Nebraska Basketball: The Tale of Roburt Sallie
Hardcore college basketball fans may recognize the name Roburt Sallie.
He is a 6'5", 200 pound combo guard who has populated the recruiting scene since way back in 2005. Sallie is a triple-double talent with NBA potential who has been recruited by some of the best programs in the country not once, not twice, but three separate times.
Originally, Sallie signed with the University of Washington in 2005 after playing for Patterson Prep. He did not qualify academically and opted to spend another year in prep school, this time at the Laurinburg Institute in North Carolina.
Let me go on record here as being fully aware that many of these prep schools are little more than basketball factories. Still, the NCAA recognizes them as legitimate academic institutions—albeit with a warranted amount of skepticism.
Anyway, Sallie spurned the likes of Memphis, Maryland, Wake Forest, and Kansas to sign with Nebraska in 2006. I am a Nebraskaf an, have been for many years, and Sallie was easily the most anticipated basketball recruit since Tyronn Lue.
One problem quickly arose: the NCAA Clearing House did not like Sallie's transcript. Sure, Roburt had the grades and the test scores, but that was not enough. The Clearing House wanted homework papers and copies of tests.
Quick show of hands from those of you who kept any of that more than the amount of time it took you to walk out of the classroom when you were in college. Anyone? Bueller?
Well, the Clearing House, apparently overwhelmed, just could not seem to make a decision on Sallie. Would he be eligible or not?
Time ticked by and August turned into September. For those you not aware, the University of Nebraska starts classes at the end of August. Nebraska changed head coaches and staff in August as Barry Collier resigned and Doc Sadler came onboard. Sallie stuck with the school.
Roburt came to Lincoln, hung out with his future teammates and waited for the NCAA to say yes or no. On Monday, September 11, Sallie attended classes, still waiting for his eligibility.
Finally, on Thursday the 14, the talented guard was ruled academically ineligible. Sallie eventually headed to City College of San Francisco and did not play basketball in 2006-07.
Last season, he returned to the court, led the team to a 27-4 record, and was named California Community College Player of the Year. On track to get his associate's degree this summer, Sallie remained loyal and was set to return to Nebraska this fall.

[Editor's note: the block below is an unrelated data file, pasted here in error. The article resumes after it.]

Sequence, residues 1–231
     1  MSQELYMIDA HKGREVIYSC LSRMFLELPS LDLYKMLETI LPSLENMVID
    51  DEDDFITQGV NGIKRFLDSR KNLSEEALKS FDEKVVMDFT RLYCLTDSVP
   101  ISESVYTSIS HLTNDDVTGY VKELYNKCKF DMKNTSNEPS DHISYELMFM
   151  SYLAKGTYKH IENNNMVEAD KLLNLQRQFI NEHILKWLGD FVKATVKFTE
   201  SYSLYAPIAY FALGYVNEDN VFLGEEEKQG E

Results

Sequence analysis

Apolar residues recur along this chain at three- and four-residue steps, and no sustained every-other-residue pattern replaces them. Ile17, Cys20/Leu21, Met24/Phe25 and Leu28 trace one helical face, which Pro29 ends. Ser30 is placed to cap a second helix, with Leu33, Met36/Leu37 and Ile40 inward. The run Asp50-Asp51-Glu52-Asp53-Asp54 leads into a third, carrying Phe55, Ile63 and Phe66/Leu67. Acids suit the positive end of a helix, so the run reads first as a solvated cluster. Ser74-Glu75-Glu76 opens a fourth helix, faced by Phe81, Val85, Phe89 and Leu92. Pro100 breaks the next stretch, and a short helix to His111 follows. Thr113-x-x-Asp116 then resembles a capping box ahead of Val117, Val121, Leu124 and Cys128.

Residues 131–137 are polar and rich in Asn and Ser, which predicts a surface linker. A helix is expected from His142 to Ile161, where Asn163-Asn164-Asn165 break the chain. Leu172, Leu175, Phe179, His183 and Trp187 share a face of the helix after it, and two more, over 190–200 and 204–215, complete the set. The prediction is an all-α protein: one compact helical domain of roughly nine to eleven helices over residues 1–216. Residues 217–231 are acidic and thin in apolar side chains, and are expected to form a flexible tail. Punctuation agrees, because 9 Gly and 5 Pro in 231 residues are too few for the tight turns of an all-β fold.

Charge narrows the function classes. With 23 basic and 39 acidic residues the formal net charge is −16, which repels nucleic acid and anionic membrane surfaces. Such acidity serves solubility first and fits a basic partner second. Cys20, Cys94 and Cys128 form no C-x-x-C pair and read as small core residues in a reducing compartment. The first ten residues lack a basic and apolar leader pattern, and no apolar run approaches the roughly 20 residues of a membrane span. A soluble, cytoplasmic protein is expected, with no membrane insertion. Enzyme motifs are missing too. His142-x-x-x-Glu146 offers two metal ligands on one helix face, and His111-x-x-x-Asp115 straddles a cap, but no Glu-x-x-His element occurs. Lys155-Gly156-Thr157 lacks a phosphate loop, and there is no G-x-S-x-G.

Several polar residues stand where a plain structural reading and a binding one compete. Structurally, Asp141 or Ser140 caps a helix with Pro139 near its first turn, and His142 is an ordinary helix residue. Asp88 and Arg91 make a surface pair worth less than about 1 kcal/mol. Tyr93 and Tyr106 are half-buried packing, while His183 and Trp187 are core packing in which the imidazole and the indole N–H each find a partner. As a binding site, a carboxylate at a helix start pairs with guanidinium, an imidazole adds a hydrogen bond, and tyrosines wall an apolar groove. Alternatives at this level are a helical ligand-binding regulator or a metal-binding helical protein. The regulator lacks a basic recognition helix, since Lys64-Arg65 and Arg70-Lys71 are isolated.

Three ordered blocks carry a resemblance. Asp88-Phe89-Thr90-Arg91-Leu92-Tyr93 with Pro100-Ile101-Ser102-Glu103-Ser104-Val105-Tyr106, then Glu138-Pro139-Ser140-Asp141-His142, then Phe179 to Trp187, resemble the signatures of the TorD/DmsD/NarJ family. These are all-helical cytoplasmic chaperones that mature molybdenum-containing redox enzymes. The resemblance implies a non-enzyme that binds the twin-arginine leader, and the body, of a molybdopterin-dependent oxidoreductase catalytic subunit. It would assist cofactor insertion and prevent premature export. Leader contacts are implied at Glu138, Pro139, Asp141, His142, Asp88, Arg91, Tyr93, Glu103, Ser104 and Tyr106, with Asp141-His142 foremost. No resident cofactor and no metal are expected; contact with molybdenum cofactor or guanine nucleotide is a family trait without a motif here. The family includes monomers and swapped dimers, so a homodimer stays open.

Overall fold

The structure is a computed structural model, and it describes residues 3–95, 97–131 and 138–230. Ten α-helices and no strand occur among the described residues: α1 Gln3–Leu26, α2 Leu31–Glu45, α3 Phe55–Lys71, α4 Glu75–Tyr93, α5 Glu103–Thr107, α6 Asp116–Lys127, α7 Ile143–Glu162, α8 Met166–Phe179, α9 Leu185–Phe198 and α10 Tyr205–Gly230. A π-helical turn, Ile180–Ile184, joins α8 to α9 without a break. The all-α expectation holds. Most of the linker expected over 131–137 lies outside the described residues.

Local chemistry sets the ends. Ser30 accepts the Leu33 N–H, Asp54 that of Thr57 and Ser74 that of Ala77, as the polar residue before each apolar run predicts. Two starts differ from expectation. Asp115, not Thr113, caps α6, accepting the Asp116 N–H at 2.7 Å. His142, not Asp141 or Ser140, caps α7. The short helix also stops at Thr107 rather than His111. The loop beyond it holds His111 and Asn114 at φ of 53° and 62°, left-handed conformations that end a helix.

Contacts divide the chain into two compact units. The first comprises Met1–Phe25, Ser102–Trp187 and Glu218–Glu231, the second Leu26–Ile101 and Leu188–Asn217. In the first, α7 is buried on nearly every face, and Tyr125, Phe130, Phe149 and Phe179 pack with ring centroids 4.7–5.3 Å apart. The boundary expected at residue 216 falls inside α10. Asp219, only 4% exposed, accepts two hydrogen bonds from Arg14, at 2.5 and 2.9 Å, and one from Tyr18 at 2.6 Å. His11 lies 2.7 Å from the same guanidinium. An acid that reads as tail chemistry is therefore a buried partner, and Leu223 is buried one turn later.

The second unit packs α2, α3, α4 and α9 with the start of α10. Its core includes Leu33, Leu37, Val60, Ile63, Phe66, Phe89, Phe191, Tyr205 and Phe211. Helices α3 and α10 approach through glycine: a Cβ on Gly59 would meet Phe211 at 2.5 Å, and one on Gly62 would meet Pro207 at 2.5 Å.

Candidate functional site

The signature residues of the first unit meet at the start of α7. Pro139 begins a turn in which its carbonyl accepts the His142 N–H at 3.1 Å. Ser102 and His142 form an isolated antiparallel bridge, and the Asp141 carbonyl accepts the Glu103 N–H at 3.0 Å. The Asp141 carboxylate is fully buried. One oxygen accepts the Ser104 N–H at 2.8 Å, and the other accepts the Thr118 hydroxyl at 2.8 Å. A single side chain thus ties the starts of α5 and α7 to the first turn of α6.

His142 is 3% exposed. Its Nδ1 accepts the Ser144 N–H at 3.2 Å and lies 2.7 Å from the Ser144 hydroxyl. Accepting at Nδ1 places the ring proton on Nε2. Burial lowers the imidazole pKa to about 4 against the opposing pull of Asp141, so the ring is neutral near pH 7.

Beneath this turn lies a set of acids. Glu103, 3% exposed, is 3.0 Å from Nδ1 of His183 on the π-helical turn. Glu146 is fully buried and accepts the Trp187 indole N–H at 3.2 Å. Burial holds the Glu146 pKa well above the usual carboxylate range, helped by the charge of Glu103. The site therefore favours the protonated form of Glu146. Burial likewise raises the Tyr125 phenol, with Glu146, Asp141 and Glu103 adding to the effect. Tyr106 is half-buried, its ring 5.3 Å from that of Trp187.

Not so fast, my friends.
It seems that through confusion and poor administration, someone at Nebraska actually enrolled Sallie for classes on September 11th, 2006. The difference between attending and enrolling put Sallie in violation of Big 12 rule 6.2.
Now, any rule with decimal point in it generally means too many administrators had too much input. In this case, Big 12 Rule 6.2 states that "a student who enrolls must meet initial eligibility requirements or he will NEVER be allowed to play for any Big 12 school."
This rule was made by the Big 12 Presidents because they feared that student-athletes would circumvent the recruiting standards by enrolling in college as non-qualifiers and then join their team once they did gain eligibility.
They FEARED it. God forbid we expose non-qualifiers to college life. What would become of society then?
You can read this story and certainly see where the University of Nebraska really screwed up. It is worthy to note that the Nebraska representative to the "Big 12 Council of Faculty Athletics" was not even aware that Nebraska had signed Sallie to play again last fall.
Listen, I don't care if you don't like sports. If you are a rep to that council, it's probably part of your job to keep track of recruits. Besides, Sallie recommitting was pretty big news around these parts.
Still, screwups and well-intentioned rules aside, tell me exactly how the NCAA and the Big 12 have helped this particular young man become a better person? Tell me how being denied admission to college life THREE separate times makes a young adult a more productive member of society.
In the end, Sallie is apparently eligible to play anywhere but the Big 12, and rumors have him headed to Kentucky.
Roburt will come out okay, but there remains something sad about a young man remaining loyal to a school for three years, continuing to make himself academically eligible only to be derailed by a rule with a decimal point made by administrators who barely hide their contempt for major college athletics.
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